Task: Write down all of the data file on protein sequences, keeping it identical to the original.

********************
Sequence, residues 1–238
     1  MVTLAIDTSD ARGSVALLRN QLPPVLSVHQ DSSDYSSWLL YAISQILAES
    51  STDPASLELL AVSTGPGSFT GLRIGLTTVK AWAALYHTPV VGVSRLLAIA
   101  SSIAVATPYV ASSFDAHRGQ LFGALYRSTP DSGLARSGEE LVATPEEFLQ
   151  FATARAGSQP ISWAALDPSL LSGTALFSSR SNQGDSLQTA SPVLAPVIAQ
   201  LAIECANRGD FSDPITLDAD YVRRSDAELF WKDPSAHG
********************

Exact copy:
Sequence, residues 1–238
     1  MVTLAIDTSD ARGSVALLRN QLPPVLSVHQ DSSDYSSWLL YAISQILAES
    51  STDPASLELL AVSTGPGSFT GLRIGLTTVK AWAALYHTPV VGVSRLLAIA
   101  SSIAVATPYV ASSFDAHRGQ LFGALYRSTP DSGLARSGEE LVATPEEFLQ
   151  FATARAGSQP ISWAALDPSL LSGTALFSSR SNQGDSLQTA SPVLAPVIAQ
   201  LAIECANRGD FSDPITLDAD YVRRSDAELF WKDPSAHG